Elite Dangerous will revamp the newbie experience in September, add fleet carriers in December

    
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Fresh outta Gamescom is the news that Elite Dangerous is cooking up multiple updates for commanders across the galaxy.

First up: the September Update. Launching September 17th for PC, PlayStation 4 and Xbox One, this patch will overhaul the newbie experience with a “fully-voiced, in-ship tutorial, covering the basics of space flight, combat, traveling and scanning,” plus it’ll retool Frontier Points into a new currency dubbed Arx that’ll be buyable out-of-game and earnable in-game too.

The bigger news for veterans, however, is the December update, which will finally add Fleet Carriers to the game so you can put your ships inside of your other ships. “These huge ships can support up to 16 player ships and are available to ANY Elite Dangerous Commander to purchase (one per player, they’re really big),” Frontier says. They’re also gonna cost you a damn fortune!

Source: Official site, press release. Thanks, Cotic and Panagiotis!

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PhoenixDfire

The new Newbie Experience is one of the things that has been lacking in Elite and I welcome it. The new player experience has always faced two problems;-

  1. The Starting Tutorials – They’ve always been weak. It’s hard for veteran players to understand the problems that newbie’s face in this game because once you’ve managed to master the basics, they become second nature. Mastering these basic skills, flight, docking and super cruising takes a while and I’m hoping these new tutorials will ease new players in before they’re thrown into the galaxy.
  2. The Griefing Factor – What Most MMO players should know is; you need to leave the newbies alone. This wasn’t the case in Elite Dangerous. Too many new players were jumped on by experienced griefers because it’s easy to kill newbies that way. To solve this, there is now a newbie area where more experienced players are not allowed. It will help new players to master those basics I mentioned above and give them a taste of what’s to come.

The problem is that there are attitudes in the Elite community who think the new tutorials are a sign of the game dumbing down, when in fact, the game is still as complex and challenging as it’s always been. These tutorials should open up the game for people, not make it too easy for them. Veteran players who have cut their teeth on old space games (X-Wing, Wing Commander, Freespace etc) forget how daunting Elite is for someone who’s never played a space sim like this is and those games were a long time ago, so there’s a lot of people who’ve never played anything like this before.

Mind you, I would never learn how to fly the ships with mouse and keyboard (shudders), That’s just plain wrong. ;-)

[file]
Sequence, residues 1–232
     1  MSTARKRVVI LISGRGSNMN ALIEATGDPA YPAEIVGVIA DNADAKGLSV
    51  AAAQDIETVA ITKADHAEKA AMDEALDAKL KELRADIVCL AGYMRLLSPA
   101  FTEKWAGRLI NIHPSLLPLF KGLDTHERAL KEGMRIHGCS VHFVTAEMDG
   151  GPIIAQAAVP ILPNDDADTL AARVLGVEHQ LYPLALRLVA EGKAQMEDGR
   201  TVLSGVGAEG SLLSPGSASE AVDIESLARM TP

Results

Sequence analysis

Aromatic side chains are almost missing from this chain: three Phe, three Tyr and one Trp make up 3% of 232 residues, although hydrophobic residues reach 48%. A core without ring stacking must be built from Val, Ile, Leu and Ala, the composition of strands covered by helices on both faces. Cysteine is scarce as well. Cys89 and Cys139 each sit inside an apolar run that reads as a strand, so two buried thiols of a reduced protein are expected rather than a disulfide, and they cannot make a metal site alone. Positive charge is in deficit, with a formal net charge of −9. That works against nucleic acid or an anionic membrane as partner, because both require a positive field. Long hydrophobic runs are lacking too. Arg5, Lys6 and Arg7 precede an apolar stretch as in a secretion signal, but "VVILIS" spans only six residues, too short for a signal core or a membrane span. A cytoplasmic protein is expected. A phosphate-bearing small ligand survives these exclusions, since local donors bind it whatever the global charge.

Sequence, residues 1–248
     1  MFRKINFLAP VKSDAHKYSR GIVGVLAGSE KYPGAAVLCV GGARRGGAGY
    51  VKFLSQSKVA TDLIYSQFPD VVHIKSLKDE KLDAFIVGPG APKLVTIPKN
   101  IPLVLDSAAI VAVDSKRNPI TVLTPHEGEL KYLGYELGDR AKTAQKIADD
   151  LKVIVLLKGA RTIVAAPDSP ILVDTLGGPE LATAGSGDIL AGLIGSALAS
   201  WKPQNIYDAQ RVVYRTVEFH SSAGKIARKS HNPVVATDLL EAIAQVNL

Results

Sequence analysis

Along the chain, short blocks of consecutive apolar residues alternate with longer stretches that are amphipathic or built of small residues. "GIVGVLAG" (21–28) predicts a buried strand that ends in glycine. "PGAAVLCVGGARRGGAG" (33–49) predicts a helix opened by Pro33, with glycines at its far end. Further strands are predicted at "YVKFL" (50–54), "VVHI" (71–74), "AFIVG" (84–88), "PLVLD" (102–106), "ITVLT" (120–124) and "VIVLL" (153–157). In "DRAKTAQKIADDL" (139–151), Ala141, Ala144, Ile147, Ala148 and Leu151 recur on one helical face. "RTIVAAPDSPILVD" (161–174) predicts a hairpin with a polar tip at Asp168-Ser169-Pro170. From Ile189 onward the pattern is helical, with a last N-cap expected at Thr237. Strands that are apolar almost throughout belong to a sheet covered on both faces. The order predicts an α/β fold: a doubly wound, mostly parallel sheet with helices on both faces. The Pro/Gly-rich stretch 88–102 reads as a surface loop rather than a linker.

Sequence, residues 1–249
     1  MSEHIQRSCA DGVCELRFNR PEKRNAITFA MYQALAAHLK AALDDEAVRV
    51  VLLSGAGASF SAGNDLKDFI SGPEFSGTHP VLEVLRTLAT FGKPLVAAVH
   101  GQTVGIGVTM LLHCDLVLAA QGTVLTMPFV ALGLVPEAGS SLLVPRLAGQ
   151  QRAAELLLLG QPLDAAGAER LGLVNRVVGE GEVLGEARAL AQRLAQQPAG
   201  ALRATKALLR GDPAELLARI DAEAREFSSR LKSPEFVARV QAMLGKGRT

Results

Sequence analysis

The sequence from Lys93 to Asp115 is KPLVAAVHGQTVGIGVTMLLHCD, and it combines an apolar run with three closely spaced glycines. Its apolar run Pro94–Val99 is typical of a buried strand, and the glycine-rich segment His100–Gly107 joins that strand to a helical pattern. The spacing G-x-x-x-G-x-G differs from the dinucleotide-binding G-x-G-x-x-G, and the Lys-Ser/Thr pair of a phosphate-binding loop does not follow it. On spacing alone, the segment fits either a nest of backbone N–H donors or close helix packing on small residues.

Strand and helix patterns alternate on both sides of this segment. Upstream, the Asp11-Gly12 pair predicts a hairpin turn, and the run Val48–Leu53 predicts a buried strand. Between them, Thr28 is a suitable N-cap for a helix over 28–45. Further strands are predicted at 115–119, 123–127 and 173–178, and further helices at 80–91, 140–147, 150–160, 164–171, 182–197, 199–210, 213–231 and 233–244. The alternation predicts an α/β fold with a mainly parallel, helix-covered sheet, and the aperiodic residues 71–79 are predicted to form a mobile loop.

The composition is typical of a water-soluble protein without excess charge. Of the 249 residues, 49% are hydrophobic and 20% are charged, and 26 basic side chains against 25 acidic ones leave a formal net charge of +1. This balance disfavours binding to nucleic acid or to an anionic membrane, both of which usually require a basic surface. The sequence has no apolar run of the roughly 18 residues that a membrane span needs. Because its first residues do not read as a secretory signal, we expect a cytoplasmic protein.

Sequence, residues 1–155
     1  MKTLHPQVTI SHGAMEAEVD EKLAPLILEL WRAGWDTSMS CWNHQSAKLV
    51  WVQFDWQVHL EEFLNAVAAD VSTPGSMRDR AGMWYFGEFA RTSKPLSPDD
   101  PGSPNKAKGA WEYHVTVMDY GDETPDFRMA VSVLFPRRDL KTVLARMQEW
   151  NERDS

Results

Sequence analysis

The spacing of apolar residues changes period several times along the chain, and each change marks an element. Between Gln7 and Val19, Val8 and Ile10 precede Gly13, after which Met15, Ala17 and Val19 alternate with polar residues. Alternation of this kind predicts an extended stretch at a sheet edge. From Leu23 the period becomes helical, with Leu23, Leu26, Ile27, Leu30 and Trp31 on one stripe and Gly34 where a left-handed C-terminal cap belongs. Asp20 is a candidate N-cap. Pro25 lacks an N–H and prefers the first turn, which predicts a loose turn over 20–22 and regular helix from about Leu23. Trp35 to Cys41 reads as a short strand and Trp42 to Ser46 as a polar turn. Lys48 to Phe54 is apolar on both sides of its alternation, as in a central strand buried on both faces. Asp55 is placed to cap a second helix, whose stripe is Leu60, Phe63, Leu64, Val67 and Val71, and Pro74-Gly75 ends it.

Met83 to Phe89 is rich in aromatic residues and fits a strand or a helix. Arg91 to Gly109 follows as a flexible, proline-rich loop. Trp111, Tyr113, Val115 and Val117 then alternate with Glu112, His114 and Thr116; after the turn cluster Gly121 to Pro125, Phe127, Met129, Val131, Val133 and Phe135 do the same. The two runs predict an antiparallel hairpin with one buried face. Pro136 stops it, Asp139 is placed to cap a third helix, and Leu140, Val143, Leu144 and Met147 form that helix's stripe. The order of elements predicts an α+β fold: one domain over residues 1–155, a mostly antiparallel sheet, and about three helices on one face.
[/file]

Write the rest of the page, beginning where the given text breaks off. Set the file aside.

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Robert Basler

A better intro would be nice. My first game I was arrested and put on a prison planet in the first minute. Second game I played a couple of unbelievably frustrating hours trying to figure out how to do anything and I got a confusing in-game email for my efforts. Never did figure out what I was supposed to be doing.

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Nick // Genghis

What do you WANT to do? Do you want to pirate? Do you want to be a trader? Do you want to hunt bounties? Do you want to mine? Find something that speaks to you and then ‘head’ in that direction. There’s a huge learning curve to getting into most activities in the game and that turns a lot of people off. It’s a sandbox that doesn’t really give a crap about the player. It’s not for folks that want even marginal amounts of hand holding. Watch this and procede: https://www.youtube.com/watch?v=CLsHmTe-4MU

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Tee Parsley

And apparently they have realized that this attitude is affecting their sales. IE, livelihood.

I refunded my purchase almost immediately. Maybe I’ll check it out in September, just to make the point.

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Nick // Genghis

So a huge commitment that David Braben (Lead Designer of both the 80s and this current iteration of E:D) has stated, his intention with his games is to encourage learning while also having fun and playing around at your own discretion. If you’re not directly invested into the idea of being released as a tiny speck in a 1:1 Milky Way Galaxy, paired with a high skill ceiling flight sim based on technology that are grounded in reality, and a background reputation simulator running in the background that reacts to both faction gameplay as well as individual contributions, I just don’t think the game is for you. As for their livelihood being effected, I’m sure we could speculate and say it effected them in some facet, but they also released 2 other objectively great games as a result of resource shifting: Jurassic World Evolution, Planet Coaster, and soon Planet Zoo will be added to that so we’ll see on that one. Overall, I think Frontier is doing just fine, especially without a publisher to back it all.

There are plenty of ways to pursue information via the great thing called the internet that allow you to get a better feel for anything in the game. Trading tools, exploration mappers, communities involved in PvP, RP, Exploration, and combat. I have a feeling that this won’t be a game changing update and will likely (including myself) not bring back many veterens unlike the December update which is something substantial. As someone with over 850 hours in the game and many of my friends that played with over 500+ hours, those initial 10-20 hours was LEARNING. Learning together. Learning alone. Failing. Failing incredibly hard, and learning from that. It is punishing I admit, but that’s the joy in making mistakes in a game. Taking those experience and then relaying our particular finds to one another and improving as a group. I truly believe this game relies heavily upon player to player interactions and reaching out and asking for help and/or seeking it out on their own. There are literally hundred people groups dedicated to training newbies that you can find by a simple google or reddit search. Our collective hope for the game resides on other features besides the new player experience, sorry to say.